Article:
As the saying goes, “Except the plane and the stool, Guangzhou people eat everything in the sky and on the earth” – words I’m fast discovering are true on my brief encounter with the city located in the southern Chinese province of Guangdong.
At Qingping market, soup is the dish of the day – but these aren’t your standard consommés or bisques. Giant plastic bags bulge with dried-out seahorses, sacks spill over with dessicated fish stomachs, and lifeless scorpions spread across sacking on the sides of the pavement. Along with an otherworldly collection of fungi, this faded brown menagerie is destined for the stock pot, thanks to their ability to bestow a secret stash of energy, according to the ancient wisdom of Chinese medicine.
But dead creatures eventually give way to the living, as the narrow street opens out into a jigsaw of glass tanks teeming with glittering goldfish or tiny turtles that are intended to be pets rather than dinner.
We make our way to the Temple of the Six Banyans – an ancient Buddhist temple originally built in 537 and named after the glossy-leaved trees that surround it. As we stroll through its shaded courtyard, warm droplets of tropical rain start to spit from the yellow-tinged sky. The city’s southerly location means it is warm and humid all year round with little discernible shift between seasons.
We dart into the incense-rich shelter of the temple where three 10-tonne bronze Buddhas gaze serenely down at us as devotees quietly offer their prayers.
“We eat food to help to get the body fit for the weather because it’s wet, so soup is very important for the Cantonese to drink before each meal – it gives us a very strong stomach,” my companion Milly explains in a hushed tone.
The other culinary weapon in the battle to overcome the elements is tea, she adds. From steaming pots of pale purple chrysanthemum infusions to the familiar fragrant jasmine, tea forms a fundamental part of life here and it comes complete with not only intricate tea seats, but also its own rituals.
The quest for health doesn’t end with soup and tea however. Far more outlandish ingredients can be found among the city’s backstreet stores and markets for a somewhat stronger boost.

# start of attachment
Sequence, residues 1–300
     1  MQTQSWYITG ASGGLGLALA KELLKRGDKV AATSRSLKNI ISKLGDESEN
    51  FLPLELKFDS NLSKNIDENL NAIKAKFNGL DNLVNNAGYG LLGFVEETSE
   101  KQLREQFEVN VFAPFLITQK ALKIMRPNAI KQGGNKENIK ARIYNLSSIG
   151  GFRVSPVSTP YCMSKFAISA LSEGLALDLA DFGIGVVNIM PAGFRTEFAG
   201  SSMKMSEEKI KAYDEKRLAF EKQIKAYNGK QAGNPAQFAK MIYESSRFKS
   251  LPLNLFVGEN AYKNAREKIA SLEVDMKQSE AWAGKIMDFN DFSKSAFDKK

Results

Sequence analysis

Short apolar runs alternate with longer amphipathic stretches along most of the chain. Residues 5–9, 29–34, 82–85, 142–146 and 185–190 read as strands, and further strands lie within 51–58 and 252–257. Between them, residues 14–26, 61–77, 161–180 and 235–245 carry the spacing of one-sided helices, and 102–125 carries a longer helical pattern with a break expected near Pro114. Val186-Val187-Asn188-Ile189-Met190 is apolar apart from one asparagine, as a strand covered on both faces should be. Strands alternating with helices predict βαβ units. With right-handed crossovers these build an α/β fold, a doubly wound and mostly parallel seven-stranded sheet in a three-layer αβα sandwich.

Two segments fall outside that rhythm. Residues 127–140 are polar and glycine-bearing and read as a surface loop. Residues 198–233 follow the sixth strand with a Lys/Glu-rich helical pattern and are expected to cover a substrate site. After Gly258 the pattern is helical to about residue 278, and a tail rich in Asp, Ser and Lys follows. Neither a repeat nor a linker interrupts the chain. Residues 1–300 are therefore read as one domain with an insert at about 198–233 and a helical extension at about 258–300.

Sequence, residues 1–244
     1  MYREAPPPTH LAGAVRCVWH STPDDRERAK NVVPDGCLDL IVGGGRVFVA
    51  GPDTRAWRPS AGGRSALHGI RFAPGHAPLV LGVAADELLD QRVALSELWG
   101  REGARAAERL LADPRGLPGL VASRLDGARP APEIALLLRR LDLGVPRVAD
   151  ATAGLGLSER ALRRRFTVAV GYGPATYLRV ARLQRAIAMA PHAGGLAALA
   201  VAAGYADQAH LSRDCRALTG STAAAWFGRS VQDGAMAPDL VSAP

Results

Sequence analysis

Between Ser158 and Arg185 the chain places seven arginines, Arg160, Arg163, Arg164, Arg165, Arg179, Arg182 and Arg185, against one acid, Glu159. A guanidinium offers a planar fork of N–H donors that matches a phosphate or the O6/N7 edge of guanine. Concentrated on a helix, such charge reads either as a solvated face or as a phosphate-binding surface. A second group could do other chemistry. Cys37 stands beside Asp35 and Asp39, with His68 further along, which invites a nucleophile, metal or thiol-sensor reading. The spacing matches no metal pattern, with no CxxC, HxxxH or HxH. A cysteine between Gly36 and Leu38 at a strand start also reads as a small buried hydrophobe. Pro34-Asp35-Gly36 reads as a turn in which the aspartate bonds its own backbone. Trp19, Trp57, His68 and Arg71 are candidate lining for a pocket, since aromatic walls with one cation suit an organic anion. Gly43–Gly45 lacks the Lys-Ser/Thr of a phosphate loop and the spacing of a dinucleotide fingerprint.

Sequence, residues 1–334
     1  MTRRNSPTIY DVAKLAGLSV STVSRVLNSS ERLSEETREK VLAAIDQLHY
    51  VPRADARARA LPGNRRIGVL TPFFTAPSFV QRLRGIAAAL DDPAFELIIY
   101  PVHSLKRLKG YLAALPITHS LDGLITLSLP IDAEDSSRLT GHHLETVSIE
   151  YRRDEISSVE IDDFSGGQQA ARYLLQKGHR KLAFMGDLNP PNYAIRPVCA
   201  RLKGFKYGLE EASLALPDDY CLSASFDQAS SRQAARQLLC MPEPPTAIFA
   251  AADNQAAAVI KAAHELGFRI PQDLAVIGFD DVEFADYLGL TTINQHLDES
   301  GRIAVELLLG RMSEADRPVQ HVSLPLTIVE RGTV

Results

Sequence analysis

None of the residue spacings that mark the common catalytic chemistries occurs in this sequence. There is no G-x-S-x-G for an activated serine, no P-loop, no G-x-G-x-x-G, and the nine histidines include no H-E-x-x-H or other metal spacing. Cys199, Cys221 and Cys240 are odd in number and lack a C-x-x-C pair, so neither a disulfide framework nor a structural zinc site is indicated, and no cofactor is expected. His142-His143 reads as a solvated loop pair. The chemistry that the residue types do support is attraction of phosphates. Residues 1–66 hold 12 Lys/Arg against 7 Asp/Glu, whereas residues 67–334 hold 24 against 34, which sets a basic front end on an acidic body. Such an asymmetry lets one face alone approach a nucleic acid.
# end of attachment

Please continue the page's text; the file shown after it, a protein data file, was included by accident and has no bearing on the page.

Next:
Milly tells me her boyfriend’s father has been known to hack the head of a snake and drink the blood from its still twitching body in pursuit of health benefits. Male potency is said to be one of its gifts, but it is also said to bestow anti-inflammatory effects and reduce clogging of the arteries.
Fortunately, snake blood is not on the menu at the Sofitel’s chic Le Chinois restaurant that evening. But everything else is – turtle, crocodile, goose tripe, century eggs, shark fin soup, birds nests, although I’ve missed the boat on the blood birds nests which have to be preordered. Admittedly a little lily-livered, I go for crispy wok-fried prawns smothered in an addictive gluey sesame chilli jam.
It is this authenticity – a far cry from the increasingly cosmopolitan worlds of Shanghai and Beijing – that is luring tourists to explore Guangzhou’s unique blend of culture and history, dating back to the times of the Silk Road, hidden among the faded pink tower blocks of its past and the glistening skyscrapers of its future.
The drizzle holds off for us the next day as we arrive at Shamian Island – the 0.3 square kilometre sandbank on the Pearl River cut off from the mainland and reserved for French and British settlers during the 19th century. Although the Europeans departed following the declaration of the People’s Republic of China in 1949, as has the city’s historic name of Canton, this small outpost retains a markedly European look and feel. As such, it has become the most popular place in the city for young couples to come and take their wedding pictures, which here is done before the wedding so that the pictures are on display when they actually come around to tying the knot.
Girls flounce down the street in gigantic ball dresses in a variety of pastel tones accompanied by an entourage of bridesmaids, inevitably slightly more dowdily dressed, and of course by a photographer that seems to never take his finger from the button as the camera whirrs approvingly.
A more modern face of the city can be found in Tianhe – a gleaming business district packed with air conditioned malls and a burst of new luxury hotels from international brands such as Sofitel, W and the Ritz-Carlton.
Here, visitors to Guangzhou less inclined to sample the local fare, most famously on offer at historic restaurant Panxi, can find an abundance of fine dining international restaurants. In fact, the city’s top three recommended restaurants on TripAdvisor serve up European cuisine.
Or those in search of dinner accompanied by sweeping panoramas of the evolving Guangzhou skyline can head for the 450 metre Canton Tower which once laid claim to the title of the tallest tower of the world until it was overtaken by the Tokyo Skytree in 2011.
Now, it is the site of the world’s highest ferris wheel offering panoramic views across the city, and also a number of restaurants including two which revolve.
Although don’t come here expecting to get your daily dose of all-important soup – a note on the website warns that: “Soups can unfortunately not be served since the natural way of the building could reach in windy circumstances up to 1.5 metres in either direction, leaving not much soup in your plate for you to eat.”
That refusal to succumb to hunger is, after all, written into Guangzhou’s DNA. At Yiexiu Park in central Guangzhou, the granite Status of the Five Goats was erected in 1959 to honor the legend that five celestial beings brought five goats into Guangzhou. The goats were all carrying rice as a sign that they would forever ensure the area remained free of famine – even if that does mean eating some weird and wonderful stuff.